The Complete Guide to Winter Greenhouse Gardening

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Grow fresh food 365 days a year — we show you how with a winter greenhouse!

As the colder months approach, a lot of plants stop growing in the garden. But the great news is that you can extend the growing season by gardening in a greenhouse over winter.

If you want to grow your own food all year round, a greenhouse is a good investment. It doesn’t need to be expensive or permanent. There are greenhouses of all shapes and sizes, so even if you only have a small space, you can find something that works for you.

In this complete guide to winter greenhouse gardening, we’ve covered everything you need to get started.

Winter Greenhouse Gardening

Why use a greenhouse in winter?

There are lots of benefits to winter greenhouse gardening, as you’ll see below.

The great thing is that many plants will grow in greenhouses over winter without the need for additional heating or light. This cuts out the worry of an expensive power bill.

Let’s check out some of the reasons why winter greenhouse gardening is such a good idea.

Grow Food All Year Round

First of all, you can extend your growing season if you like to grow your own fruit and vegetables. It’s possible to grow salads, fruits, vegetables and herbs in the winter with careful planning.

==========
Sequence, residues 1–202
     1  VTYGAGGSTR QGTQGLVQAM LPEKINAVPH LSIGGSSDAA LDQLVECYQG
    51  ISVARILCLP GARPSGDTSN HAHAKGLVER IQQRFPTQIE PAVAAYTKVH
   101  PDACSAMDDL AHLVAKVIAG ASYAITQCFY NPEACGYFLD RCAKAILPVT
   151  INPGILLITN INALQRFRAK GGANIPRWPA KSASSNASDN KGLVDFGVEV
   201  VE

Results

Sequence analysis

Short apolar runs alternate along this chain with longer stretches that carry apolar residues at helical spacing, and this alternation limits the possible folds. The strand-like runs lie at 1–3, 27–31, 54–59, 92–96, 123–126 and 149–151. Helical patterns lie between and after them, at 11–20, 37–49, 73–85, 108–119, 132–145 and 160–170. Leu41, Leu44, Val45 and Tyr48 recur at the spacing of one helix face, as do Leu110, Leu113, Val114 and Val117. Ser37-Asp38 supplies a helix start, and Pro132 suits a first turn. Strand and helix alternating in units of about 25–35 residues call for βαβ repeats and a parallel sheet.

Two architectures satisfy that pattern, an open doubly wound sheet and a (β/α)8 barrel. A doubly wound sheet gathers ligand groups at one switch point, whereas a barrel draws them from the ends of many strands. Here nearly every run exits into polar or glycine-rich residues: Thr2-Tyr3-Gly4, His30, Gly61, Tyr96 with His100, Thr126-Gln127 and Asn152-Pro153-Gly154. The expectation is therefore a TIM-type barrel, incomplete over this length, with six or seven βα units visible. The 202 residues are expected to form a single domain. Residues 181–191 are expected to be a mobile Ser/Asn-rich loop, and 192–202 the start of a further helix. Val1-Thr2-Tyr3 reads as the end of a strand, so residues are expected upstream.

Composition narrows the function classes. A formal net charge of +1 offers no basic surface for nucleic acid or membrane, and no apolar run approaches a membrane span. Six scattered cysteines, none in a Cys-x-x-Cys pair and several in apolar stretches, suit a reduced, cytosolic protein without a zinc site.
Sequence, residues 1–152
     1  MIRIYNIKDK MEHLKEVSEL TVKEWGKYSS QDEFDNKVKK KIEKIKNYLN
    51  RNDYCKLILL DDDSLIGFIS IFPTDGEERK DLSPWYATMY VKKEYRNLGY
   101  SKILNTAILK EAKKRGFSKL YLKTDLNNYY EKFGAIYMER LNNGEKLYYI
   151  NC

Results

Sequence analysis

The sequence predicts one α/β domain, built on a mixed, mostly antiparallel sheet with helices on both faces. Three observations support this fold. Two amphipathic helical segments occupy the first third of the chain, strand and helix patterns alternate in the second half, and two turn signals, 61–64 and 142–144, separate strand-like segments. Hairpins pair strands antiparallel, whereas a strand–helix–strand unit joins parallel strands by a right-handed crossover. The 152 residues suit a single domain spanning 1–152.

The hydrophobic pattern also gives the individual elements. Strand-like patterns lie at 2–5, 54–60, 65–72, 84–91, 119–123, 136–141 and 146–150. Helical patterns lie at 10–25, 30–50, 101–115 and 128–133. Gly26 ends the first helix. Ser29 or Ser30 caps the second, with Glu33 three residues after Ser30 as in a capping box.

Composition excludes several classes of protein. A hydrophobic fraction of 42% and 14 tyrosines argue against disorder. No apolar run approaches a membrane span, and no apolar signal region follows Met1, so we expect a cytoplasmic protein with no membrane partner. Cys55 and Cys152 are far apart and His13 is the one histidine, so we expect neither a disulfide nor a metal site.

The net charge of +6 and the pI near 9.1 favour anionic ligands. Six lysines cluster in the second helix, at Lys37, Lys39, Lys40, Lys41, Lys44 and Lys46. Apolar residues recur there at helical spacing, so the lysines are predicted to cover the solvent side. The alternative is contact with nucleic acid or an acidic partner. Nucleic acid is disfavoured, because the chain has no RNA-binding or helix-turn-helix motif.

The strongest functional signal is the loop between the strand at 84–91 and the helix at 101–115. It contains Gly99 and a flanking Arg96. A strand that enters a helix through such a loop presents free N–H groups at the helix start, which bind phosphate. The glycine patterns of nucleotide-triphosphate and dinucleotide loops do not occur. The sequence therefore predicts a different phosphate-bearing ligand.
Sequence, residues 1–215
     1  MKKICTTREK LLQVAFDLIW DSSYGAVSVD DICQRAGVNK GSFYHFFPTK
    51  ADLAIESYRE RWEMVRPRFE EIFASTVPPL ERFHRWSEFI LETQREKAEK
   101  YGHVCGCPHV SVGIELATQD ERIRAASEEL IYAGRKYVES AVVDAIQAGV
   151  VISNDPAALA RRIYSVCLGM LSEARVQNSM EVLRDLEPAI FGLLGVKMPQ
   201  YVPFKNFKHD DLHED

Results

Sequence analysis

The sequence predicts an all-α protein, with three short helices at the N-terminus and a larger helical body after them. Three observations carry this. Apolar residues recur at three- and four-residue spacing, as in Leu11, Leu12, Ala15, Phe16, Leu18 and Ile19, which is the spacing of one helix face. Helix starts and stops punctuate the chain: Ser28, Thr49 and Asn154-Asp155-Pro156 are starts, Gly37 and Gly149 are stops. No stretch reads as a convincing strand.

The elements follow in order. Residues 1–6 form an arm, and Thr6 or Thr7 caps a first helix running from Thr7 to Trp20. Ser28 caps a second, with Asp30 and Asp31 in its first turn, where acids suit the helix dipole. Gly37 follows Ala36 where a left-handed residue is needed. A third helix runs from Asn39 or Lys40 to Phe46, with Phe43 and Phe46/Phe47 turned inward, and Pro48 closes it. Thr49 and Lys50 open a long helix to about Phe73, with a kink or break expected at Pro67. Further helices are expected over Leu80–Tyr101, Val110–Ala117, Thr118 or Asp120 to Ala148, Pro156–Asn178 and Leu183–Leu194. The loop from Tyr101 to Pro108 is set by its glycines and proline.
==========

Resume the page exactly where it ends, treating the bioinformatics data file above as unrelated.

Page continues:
Garden Away from the Elements

Winter Greenhouse Gardening

Growing in a greenhouse over winter means you can garden away from the weather. If you live in a cold place with winds and snow in the winter, you may find this a welcome benefit.

Protect and Grow Tender Plants

Moving tender succulents and exotic plants into the greenhouse over winter will protect them from freezing temperatures. Having a greenhouse gives you the scope to grow tropical plants.

What can you grow in a winter greenhouse?

It depends on your local climate, how much space you have and where your greenhouse is situated in the garden.

If you have freezing cold winters, you’ll need to stick to growing plants that can take low temperatures (unless you are heating a greenhouse). In milder climates, you should be able to grow throughout the winter without the need to protect greenhouse plants.

Types of Winter Vegetables

Winter Greenhouse Gardening

Lots of hardy vegetables will grow well in cold conditions. Some actually need low temperatures to thrive.

For winter veg try: kale, carrots, onions, garlic, cabbages, parsnips, scallions, beets, endive, arugula, leeks, winter lettuces, chard, bok choi and spinach.

Top tip: Check which vegetables are winter-hardy varieties when you’re choosing your seeds. Some seeds will have ‘winter’ in the name which gives you a clue.

Types of Hardy Herbs

Winter Greenhouse Gardening

Parsley, coriander, dill, rosemary, sage and thyme will all continue to grow in colder temperatures. You should have fresh herbs throughout the winter if you keep them in the greenhouse.

Types of Fruits

Winter Greenhouse Gardening

There are quite a few grape varieties that will live happily in an unheated greenhouse, depending on where you live. Check what temperatures they will survive at before you buy. Black Hamburgh is an excellent choice that will survive cold winters.

Peaches and nectarines grow well in pots under glass. Growing citrus fruits like lemons, limes and tangerines is possible if the temperature in your greenhouse stays above 10 ֯C.

Get a Headstart for Spring